YA Author Joan He Outlines Potential Lawsuit With Her Publisher on Twitter
While the process of writing a novel seems like a fun and somewhat easy process to the average reader, any published author will tell you getting a manuscript published is much harder than it appears. Many authors don't talk much about their contracts publicly, so much of the legal discussions are dealt with offline.
But YA fantasy author Joan He, who wrote the popular novel Descendant of the Crane, has officially taken her recent contract dispute online.
In a thread on Twitter, Joan explained the battle she's been fighting with her publisher that could potentially end in a lawsuit over issues with royalty payments.
Joan He said she's considering suing her publisher, Albert Whitman & Co.
In a thread on Twitter, Joan revealed that over the last few months, she had unfortunately been gearing up for a potential lawsuit against the publisher of her debut novel, Albert Whitman & Co. The publishing house put out Descendant of the Crane in 2019, and allegedly after the COVID-19 pandemic began, her publisher stopped distributing royalties to her.
"We gave them the benefit of the doubt due to COVID," she tweeted in a thread. "We allowed them all of the time that they were contractually owed, and then some, to rectify this breach. In August, when the publisher remained in breach, we notified them that the rights to publish the book had reverted back to me, per a clause in my contract."
With the rights back in Joan's hands, she legally can "rehome" the book to be distributed under a different publishing house, and all of the copies currently being distributed by Albert Whitman & Co. have be pulled from the shelves.
Despite this alleged breach in the contract, though, Albert Whitman & Co. released the paperback copy of the book on Sept. 1, 2020.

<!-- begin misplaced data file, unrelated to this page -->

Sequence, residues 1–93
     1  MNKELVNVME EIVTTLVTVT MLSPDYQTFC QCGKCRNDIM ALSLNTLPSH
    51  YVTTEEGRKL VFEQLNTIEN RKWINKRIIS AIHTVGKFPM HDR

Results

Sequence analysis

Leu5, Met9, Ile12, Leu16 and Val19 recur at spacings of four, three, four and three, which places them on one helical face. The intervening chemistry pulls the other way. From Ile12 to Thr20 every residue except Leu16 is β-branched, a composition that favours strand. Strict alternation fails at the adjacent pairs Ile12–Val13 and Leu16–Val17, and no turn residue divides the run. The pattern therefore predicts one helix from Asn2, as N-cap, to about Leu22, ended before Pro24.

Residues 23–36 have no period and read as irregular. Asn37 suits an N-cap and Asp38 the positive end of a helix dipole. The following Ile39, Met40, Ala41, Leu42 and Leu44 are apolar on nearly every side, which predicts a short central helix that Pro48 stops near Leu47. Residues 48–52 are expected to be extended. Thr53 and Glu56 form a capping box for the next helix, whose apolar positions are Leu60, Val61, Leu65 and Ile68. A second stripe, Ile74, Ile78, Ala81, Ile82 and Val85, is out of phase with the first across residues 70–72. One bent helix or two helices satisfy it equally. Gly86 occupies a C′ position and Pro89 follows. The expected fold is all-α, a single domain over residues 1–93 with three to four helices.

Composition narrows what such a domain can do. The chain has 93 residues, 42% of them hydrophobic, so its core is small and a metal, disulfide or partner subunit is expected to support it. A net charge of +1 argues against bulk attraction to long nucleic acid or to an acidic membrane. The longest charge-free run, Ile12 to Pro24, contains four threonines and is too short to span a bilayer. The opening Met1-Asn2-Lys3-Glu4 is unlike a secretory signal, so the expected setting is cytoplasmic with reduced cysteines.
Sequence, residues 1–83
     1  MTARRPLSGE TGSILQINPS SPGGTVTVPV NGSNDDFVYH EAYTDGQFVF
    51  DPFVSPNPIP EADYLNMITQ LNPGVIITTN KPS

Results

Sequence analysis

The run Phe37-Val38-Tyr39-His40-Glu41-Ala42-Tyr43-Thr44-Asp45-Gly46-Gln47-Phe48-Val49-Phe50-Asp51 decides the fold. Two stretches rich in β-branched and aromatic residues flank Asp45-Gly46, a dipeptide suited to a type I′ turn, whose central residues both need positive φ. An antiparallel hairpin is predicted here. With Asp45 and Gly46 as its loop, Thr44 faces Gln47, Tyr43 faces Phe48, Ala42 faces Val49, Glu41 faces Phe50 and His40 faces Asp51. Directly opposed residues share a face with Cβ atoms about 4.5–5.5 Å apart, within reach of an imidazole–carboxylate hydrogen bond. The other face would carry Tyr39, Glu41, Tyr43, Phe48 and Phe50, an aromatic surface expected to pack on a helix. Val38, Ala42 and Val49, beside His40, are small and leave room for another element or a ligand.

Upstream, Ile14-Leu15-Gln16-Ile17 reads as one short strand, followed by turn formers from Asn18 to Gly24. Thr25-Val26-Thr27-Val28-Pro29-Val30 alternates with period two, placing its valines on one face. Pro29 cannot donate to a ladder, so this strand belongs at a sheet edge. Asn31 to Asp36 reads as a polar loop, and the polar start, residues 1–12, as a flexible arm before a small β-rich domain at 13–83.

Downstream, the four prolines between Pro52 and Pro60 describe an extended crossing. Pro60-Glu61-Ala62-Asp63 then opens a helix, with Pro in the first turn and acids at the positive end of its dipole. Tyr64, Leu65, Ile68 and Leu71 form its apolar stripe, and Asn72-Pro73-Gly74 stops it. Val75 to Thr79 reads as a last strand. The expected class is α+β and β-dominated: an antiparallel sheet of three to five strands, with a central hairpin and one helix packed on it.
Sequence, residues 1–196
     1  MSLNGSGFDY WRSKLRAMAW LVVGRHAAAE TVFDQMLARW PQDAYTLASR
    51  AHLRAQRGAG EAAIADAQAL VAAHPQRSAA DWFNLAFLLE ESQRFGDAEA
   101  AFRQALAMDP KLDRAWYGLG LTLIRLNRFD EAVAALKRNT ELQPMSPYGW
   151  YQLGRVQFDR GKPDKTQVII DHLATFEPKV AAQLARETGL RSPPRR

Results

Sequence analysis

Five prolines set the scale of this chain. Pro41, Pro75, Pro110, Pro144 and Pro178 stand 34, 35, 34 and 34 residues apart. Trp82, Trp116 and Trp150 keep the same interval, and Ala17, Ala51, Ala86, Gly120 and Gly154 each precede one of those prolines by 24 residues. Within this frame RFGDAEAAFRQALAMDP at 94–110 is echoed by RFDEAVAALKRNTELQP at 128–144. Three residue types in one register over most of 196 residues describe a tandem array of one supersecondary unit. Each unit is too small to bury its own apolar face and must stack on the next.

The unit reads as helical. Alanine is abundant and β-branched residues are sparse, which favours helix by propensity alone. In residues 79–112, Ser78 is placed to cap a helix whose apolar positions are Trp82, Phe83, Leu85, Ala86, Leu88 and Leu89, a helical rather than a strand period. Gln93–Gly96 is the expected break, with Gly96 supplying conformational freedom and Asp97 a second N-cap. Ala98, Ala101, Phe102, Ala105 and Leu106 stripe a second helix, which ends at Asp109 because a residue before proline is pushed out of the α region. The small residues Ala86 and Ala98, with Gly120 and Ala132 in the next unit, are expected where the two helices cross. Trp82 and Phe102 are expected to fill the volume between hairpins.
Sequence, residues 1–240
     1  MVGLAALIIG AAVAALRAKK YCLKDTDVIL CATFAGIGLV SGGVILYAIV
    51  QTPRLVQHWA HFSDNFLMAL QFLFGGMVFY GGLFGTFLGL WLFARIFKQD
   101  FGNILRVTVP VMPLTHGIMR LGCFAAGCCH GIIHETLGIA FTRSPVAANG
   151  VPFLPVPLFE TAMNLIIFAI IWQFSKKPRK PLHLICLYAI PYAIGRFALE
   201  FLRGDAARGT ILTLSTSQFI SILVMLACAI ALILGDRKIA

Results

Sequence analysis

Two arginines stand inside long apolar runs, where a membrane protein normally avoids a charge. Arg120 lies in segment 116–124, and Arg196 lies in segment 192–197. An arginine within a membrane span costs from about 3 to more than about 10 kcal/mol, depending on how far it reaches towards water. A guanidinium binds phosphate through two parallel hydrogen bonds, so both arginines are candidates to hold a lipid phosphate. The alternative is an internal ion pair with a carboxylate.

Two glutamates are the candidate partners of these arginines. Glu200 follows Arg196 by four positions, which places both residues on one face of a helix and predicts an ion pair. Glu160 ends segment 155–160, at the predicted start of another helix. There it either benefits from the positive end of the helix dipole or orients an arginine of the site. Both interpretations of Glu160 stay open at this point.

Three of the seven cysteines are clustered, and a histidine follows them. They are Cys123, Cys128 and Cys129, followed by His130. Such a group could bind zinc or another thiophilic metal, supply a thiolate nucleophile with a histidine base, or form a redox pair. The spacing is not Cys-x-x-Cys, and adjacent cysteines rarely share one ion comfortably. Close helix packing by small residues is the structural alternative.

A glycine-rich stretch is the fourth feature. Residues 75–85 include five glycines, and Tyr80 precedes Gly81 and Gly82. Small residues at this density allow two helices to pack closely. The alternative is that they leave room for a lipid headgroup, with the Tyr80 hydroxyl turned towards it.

"After we notified the publisher that rights had reverted back to me, they went ahead and released my paperback anyway. You can find it on shelves. You can see it (and ALL the editions they’re not allowed to sell anymore) on every online retail site," Joan tweeted. "Not only is this a gross violation of copyright, it also hurts my agent's ability to rehome the book at a place that values me, now that the rights are back in my possession."
What happens when a book goes out of print?
When a book goes out of print, it means that all copies of the book that have yet to be sold can no longer be distributed. The novel will essentially be unavailable for purchase, if it's pulled from the shelves, until Joan finds a new distributor for Descendant of the Crane.
"Should this go to court, I am almost certain to win," Joan said in another tweet. "The case is clear cut. But I'm not vindictive; I don't want to drag the publisher through this, or myself to a pyrrhic victory. Emotionally, mentally and financially, the last six months have been hard enough."
In her thread, Joan said those looking to support her should preorder her next novel, The Ones We're Meant to Find, which is being published with Macmillan.
At this time, Albert Whitman & Co. has not responded to Joan's public statements about her potential lawsuit, and it's unclear how they plan to proceed.